Colds are inevitable. We’re bound to get them at least once a year, sometimes more. For children, a cold is more likely. Their immune systems are young and immature, which means some colds can last up to 10 days! Here’s how you can make your little one feel better.
1. Fight the Symptoms
The cold is a virus that can’t be cured. The virus rapidly changes, so targeted treatments aren’t effective. Our bodies can naturally beat it, so our best course of action is to combat the symptoms. Focus on making your baby as comfortable as possible and offering lots of fluids.
2. Offer Lots of Comfort
Babies can’t rationalize their illness like you or I. Their bodies feel miserable, but they don’t understand what’s happening. You might find that your child is especially affectionate and cuddly, or wants to feed from the breast or bottle more. Extra feeding is fine because baby will need to stay hydrated.
3. Clear Out the Nose
A stuffed nose is particularly irritating for a baby. Their faces feel woolen and they can’t feed at their usual pace because they can’t breathe. All that mucus needs to come out. Make sure baby is hydrated so the mucus thins out and use a tool like oogiebear to clean out the nostrils. Use the scoop end for dried boogers and the loop end for the sticky stuff.
4. Steam the Air
Moist air helps loosen mucus and relieve pressure in the nasal passages and sinus cavity. Leave a humidifier running in the room your child is sleeping or playing in. Or, you can run the hot water in your bathroom shower, lay a towel against the bottom of the door, and relax in the steamy room for a few minutes.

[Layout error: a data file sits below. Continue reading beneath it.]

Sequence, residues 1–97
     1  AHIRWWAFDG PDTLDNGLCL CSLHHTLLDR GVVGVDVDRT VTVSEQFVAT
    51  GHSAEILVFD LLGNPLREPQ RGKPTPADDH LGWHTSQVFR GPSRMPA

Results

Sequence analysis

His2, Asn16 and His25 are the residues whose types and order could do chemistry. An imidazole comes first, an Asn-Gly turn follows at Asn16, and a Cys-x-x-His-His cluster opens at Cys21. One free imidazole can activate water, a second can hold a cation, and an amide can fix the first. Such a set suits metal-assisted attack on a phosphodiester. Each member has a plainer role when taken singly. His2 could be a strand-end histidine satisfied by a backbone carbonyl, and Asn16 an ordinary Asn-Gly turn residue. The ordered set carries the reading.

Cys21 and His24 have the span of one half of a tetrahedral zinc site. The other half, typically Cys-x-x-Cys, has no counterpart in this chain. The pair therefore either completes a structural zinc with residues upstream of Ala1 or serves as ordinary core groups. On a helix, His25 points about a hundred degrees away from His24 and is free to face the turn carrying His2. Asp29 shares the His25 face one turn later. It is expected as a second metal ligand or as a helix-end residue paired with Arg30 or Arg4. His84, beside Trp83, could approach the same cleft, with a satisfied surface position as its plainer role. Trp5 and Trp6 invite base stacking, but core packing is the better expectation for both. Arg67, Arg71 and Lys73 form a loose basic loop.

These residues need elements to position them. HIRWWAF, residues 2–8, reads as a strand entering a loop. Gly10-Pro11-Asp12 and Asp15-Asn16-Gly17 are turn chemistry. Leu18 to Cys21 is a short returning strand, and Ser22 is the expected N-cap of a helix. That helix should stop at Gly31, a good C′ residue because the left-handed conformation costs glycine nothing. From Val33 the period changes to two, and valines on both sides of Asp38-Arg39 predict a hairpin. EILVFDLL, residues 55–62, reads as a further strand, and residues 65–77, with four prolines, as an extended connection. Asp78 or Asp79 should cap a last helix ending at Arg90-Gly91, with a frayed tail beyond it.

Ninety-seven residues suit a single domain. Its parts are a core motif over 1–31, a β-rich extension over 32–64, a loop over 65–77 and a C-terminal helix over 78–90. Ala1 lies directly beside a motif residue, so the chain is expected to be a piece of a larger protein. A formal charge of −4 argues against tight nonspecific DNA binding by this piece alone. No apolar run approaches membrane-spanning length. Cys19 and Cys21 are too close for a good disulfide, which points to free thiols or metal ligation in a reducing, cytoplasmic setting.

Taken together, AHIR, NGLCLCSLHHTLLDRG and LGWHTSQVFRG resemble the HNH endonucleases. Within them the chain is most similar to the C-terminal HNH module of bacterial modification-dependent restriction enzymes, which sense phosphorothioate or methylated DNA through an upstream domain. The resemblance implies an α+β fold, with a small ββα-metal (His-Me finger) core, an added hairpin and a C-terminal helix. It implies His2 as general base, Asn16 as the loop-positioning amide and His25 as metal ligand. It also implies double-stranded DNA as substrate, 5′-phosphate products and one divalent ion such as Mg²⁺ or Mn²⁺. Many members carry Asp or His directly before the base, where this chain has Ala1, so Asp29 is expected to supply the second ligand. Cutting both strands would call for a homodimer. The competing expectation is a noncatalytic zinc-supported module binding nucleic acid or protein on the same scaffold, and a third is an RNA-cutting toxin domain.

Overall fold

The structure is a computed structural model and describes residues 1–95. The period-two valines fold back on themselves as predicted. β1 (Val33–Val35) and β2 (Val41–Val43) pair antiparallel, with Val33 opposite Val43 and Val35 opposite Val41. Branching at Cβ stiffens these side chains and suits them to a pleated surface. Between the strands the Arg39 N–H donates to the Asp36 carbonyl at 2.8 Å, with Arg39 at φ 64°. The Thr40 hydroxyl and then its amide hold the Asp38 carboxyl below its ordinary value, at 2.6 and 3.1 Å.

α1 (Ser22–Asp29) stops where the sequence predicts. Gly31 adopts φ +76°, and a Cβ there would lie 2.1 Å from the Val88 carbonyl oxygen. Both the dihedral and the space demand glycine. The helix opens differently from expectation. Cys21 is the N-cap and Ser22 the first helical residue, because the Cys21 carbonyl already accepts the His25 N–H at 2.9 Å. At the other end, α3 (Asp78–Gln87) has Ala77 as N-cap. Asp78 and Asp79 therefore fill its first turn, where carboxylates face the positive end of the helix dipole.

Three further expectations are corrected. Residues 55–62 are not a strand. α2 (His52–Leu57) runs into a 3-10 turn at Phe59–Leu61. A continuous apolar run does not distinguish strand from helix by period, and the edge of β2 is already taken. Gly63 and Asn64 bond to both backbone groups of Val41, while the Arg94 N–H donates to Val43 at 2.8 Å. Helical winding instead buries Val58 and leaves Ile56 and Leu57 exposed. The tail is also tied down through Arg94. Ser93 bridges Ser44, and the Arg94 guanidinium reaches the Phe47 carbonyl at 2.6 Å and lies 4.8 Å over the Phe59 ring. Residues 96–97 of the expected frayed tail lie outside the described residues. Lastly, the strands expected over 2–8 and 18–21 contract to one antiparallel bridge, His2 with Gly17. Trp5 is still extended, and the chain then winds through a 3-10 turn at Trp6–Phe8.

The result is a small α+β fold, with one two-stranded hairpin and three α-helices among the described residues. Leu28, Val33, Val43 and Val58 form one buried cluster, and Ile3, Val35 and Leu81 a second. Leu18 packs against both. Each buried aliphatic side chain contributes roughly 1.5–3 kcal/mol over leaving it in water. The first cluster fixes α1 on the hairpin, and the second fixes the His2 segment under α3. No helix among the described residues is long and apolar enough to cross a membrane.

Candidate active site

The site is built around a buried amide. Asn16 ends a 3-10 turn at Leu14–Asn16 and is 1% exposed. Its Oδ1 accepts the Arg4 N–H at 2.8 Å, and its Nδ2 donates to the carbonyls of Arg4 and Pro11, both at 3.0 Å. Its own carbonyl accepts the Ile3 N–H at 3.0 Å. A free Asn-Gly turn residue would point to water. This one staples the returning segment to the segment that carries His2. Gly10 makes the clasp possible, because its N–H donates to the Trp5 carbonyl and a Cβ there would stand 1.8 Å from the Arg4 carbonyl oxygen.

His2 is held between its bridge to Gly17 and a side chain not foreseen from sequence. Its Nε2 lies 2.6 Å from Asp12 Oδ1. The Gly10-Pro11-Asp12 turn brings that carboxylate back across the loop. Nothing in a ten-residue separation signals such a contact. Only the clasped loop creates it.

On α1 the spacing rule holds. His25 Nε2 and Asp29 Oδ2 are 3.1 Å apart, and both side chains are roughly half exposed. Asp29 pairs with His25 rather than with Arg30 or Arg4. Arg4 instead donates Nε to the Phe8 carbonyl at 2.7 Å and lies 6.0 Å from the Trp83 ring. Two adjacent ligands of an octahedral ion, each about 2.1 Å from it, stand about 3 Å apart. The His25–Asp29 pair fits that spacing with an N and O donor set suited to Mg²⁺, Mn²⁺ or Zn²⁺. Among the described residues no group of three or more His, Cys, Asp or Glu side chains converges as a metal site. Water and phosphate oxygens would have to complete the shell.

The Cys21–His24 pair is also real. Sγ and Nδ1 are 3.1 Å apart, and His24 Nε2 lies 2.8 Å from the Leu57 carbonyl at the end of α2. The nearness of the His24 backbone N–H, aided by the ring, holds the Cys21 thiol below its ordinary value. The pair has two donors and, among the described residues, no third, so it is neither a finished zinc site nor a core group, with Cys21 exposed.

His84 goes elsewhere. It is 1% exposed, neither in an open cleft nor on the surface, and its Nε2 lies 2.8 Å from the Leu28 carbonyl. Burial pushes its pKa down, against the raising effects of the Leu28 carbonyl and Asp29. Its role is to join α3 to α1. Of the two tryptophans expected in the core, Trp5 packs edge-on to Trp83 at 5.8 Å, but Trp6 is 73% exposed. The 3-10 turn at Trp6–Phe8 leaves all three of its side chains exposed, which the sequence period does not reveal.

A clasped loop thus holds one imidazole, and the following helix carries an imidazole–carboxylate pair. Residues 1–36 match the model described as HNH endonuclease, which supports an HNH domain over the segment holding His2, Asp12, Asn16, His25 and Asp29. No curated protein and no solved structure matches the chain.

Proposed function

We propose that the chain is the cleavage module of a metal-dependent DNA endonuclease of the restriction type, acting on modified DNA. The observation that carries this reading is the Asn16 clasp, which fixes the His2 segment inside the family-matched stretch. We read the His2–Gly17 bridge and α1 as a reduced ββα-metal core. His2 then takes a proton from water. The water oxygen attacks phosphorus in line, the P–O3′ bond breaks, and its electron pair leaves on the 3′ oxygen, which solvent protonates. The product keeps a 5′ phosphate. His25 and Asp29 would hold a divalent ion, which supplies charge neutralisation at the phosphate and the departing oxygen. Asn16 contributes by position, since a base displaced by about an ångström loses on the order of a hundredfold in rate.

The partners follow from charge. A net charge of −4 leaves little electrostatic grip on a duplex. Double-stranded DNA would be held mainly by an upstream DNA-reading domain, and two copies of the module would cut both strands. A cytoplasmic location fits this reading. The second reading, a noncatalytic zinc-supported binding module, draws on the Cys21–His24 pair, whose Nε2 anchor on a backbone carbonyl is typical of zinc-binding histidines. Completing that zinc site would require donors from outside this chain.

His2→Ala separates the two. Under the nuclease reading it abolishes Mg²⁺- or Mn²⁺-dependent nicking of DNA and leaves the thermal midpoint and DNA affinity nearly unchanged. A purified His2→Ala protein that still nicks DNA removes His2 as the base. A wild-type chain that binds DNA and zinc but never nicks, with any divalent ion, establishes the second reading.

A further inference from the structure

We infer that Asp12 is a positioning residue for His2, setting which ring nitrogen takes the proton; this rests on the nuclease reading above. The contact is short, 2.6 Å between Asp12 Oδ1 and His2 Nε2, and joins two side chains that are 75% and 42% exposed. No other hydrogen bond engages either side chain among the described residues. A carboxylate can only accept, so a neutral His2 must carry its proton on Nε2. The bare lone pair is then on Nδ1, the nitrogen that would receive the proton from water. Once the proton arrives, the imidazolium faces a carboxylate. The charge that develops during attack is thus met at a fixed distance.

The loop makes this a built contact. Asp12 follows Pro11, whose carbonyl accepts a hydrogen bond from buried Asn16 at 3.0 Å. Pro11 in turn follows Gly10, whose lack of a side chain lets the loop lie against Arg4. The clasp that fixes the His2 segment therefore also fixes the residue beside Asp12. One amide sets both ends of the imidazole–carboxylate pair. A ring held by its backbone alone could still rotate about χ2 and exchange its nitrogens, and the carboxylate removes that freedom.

5. Elevate the Head
You can relive your baby’s postnasal drip by elevating his or her head slightly at night. Place a few rolled up towels beneath the mattress on the side your baby lies his or her head.
6. Skip Antibiotics
Some well-intentioned parents insist their doctor prescribe antibiotics to treat their child. Antibiotics are used to combat bacterial infections, not viruses (like the cold).
7. Watch the Symptoms
The symptoms of a cold are common and often disguise other illnesses. If your baby has a runny discharge from the nose that becomes thick and goopy, a fever, sensitivity around joints and muscles, pulls or hits at his/her ears, or has a fever, the problem might be a flu or ear infection. Always evaluate the whole set of symptoms.
Guest Blog by Dr. Nina Farzin, Inventor of oogiebear
Nina is a wife, mother and career professional who never intended to start her own business. When her children were newborns, she ached to ease the discomfort from dry, stubborn, crusty mucus (boogers)! As a doctor, she knew there were no safe solutions on the market to help her kids, so she invented oogiebear, a revolutionary booger removal tool that helps babies breathe easier.
Nina graduated Howard University where she earned her doctorate in Pharmacy (R.Ph, Pharm.D). She is a Registered Pharmacist in Washington DC, Maryland and New York. Nina and her family are fitness enthusiasts who enjoy outdoor activities and healthy eating.
For more information, please visit myoogie.com.
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